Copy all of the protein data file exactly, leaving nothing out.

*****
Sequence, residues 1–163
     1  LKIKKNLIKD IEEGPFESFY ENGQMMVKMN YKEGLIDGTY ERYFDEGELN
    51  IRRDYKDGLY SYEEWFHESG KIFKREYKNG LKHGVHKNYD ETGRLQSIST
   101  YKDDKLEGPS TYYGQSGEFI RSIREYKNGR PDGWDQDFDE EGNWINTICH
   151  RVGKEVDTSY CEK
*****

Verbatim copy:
Sequence, residues 1–163
     1  LKIKKNLIKD IEEGPFESFY ENGQMMVKMN YKEGLIDGTY ERYFDEGELN
    51  IRRDYKDGLY SYEEWFHESG KIFKREYKNG LKHGVHKNYD ETGRLQSIST
   101  YKDDKLEGPS TYYGQSGEFI RSIREYKNGR PDGWDQDFDE EGNWINTICH
   151  RVGKEVDTSY CEK